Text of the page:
and vegetables to children at eligible elementary schools during the school day. The goal of the FFVP is to introduce children to fresh fruits and vegetables, to include new and different varieties, and to increase
overall acceptance and consumption of fresh, unprocessed produce among children. The FFVP also encourages healthier school environments by promoting
nutrition education. To learn more, visit the FFVP webpage: https://www.fns.usda.gov/ffvp/fresh-fruit-
After School Snack Program
The afterschool snack component of the National School Lunch Program is a federally assisted snack service that fills the afternoon hunger gap for school children. The snack service is administered at the Federal level by USDA’s Food and Nutrition Service. At the state level, it is administered by state agencies, which operate the snack service through agreements with local school food authorities (SFAs). SFAs are ultimately responsible for the administration of the snack service.
Summer Food Service Program (Summer Eats)
Summer Eats is a totally free-of-charge program that provides free meals to all kids and teens, ages 18 and under, at locations all across Massachusetts during the summer months.
SPS Food and Nutrition Services is currently hiring! Come Work with us. The following positions are currently open:
Cafeteria Helpers – $18.16/Hour, 3, 4 and 6 hour shifts
Head Cooks – $25.72/Hour, 4 and 6 hour shifts
Minimum Qualifications: High School Diploma (or equivalent) Ability to lift a minimum of 30 pounds Enjoy working with children Good organizational and communication skills Sense of pride in serving healthy, nutritious meals
How to Apply Visit https://salem.tedk12.com/hire or call 978-740-1230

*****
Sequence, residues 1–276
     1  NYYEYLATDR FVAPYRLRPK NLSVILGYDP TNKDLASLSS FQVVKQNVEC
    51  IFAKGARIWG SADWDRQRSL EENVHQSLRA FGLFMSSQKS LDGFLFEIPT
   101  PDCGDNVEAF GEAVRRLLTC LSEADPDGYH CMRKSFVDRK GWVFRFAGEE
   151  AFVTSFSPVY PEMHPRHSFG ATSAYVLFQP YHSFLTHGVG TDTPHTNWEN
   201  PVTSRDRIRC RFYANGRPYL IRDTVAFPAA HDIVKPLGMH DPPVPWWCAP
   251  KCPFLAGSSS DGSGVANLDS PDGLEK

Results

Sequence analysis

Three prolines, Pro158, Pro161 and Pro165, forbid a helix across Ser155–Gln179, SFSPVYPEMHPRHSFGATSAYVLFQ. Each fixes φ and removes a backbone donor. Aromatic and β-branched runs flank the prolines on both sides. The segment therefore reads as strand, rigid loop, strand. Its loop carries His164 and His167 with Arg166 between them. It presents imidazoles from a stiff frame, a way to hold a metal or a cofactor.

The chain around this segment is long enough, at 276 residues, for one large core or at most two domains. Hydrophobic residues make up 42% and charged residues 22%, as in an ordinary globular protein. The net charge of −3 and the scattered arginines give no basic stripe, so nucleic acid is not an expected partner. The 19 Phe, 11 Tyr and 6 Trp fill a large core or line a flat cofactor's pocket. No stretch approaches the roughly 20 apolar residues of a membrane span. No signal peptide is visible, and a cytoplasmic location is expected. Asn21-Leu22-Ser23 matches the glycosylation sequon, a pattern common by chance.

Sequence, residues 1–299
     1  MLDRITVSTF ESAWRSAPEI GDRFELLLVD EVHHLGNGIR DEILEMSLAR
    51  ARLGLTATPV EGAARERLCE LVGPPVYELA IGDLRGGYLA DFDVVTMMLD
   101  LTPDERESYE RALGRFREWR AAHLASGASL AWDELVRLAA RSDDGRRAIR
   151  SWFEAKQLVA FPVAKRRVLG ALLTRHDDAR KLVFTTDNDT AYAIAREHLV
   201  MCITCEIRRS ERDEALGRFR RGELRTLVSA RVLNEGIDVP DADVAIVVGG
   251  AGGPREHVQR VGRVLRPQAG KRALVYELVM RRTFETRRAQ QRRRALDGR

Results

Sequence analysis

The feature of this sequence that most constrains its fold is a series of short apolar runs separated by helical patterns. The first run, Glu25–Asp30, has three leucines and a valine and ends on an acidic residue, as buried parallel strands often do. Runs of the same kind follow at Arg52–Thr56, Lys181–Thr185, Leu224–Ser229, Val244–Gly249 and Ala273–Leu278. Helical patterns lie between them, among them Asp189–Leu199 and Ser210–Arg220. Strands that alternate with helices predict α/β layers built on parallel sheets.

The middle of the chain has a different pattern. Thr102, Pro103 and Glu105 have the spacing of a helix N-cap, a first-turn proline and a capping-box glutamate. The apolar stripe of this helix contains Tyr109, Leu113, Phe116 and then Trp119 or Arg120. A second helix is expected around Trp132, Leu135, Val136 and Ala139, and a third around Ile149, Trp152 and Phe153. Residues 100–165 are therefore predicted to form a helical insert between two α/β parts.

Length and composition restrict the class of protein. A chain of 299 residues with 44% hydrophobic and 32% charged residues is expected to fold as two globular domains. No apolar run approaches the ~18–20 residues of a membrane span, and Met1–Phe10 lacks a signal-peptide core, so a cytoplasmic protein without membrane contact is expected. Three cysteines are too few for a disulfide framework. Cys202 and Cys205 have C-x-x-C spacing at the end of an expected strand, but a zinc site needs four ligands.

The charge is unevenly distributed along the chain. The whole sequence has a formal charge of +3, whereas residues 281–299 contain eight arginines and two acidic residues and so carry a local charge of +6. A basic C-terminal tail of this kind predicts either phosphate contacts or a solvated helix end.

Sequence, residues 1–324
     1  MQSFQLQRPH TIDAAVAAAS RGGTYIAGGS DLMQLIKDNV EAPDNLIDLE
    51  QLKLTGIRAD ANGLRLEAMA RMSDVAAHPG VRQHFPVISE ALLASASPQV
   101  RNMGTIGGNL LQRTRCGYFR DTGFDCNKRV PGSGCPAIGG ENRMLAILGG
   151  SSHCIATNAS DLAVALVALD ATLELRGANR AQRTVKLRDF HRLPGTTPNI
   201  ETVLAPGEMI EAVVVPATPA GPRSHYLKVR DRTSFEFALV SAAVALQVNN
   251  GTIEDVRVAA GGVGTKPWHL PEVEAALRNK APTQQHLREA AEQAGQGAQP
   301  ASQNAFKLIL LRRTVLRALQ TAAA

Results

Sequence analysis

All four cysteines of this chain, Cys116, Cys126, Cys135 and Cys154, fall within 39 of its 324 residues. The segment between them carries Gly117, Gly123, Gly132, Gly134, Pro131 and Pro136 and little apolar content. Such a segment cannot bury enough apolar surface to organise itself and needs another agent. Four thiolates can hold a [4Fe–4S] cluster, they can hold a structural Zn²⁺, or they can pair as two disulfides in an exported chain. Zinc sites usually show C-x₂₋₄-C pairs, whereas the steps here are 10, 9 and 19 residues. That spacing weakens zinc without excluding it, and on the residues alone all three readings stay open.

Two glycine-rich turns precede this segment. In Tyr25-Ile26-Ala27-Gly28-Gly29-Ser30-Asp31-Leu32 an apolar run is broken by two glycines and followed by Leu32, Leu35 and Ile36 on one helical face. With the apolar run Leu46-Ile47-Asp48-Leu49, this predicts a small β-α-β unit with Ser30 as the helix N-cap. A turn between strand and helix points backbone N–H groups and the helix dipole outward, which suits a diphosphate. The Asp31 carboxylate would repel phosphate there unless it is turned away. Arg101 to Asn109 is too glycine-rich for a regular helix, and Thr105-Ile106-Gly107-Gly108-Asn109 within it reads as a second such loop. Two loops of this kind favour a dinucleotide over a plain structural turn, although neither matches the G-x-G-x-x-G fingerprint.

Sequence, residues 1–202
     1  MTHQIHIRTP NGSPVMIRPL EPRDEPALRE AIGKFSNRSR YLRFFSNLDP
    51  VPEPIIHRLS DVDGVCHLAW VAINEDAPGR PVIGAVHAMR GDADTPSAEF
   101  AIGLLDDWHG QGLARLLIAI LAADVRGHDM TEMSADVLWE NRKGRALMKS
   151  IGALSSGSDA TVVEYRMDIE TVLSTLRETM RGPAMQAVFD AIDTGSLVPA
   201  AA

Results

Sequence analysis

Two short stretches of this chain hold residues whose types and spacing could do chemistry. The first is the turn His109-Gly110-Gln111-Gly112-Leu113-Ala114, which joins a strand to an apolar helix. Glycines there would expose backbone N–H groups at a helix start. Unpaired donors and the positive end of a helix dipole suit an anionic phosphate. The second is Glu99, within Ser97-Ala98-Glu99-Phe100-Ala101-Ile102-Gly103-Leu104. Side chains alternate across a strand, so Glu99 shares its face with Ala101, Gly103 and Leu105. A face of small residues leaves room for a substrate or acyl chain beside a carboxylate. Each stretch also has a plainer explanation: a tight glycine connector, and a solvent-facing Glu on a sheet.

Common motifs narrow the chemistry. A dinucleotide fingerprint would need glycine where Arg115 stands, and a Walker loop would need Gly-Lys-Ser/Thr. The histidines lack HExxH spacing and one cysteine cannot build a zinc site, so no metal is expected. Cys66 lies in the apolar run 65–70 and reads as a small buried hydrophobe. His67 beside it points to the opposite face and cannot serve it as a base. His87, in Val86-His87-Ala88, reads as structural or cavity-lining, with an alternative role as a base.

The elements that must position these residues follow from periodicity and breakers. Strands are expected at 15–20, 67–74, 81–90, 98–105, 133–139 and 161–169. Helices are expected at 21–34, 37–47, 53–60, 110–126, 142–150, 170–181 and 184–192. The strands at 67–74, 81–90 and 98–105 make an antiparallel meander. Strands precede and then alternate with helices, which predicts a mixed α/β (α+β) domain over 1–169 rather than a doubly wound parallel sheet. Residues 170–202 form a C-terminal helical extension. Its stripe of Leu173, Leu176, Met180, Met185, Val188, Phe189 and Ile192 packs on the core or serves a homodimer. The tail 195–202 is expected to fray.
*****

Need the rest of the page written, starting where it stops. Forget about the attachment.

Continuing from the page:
Salem Public Schools is an Equal Opportunity Employer
For more information, contact:
Point of Contact: Irvelt Perrin, Director of Food and Nutrition Services
Located at: Salem High School — 77 Willson Street, Salem, MA, 01970
Telephone Number: (978)-740-1230
Email Address: email@example.com
USDA NON-DISCRIMINATION STATEMENT
In accordance with Federal civil rights law and U.S. Department of Agriculture (USDA) civil rights regulations and policies, the USDA, its Agencies, offices, and employees, and institutions participating in or administering USDA programs are prohibited from discriminating based on race, color, national origin, sex, disability, age, or reprisal or retaliation for prior civil rights activity in any program or activity conducted or funded by USDA.
Persons with disabilities who require alternative means of communication for program information (e.g. Braille, large print, audiotape, American Sign Language, etc.) should contact the Agency (State or local) where they applied for benefits. Individuals who are deaf, hard of hearing or have speech disabilities may contact USDA through the Federal Relay Service at (800) 877-8339. Additionally, program information may be made available in languages other than English.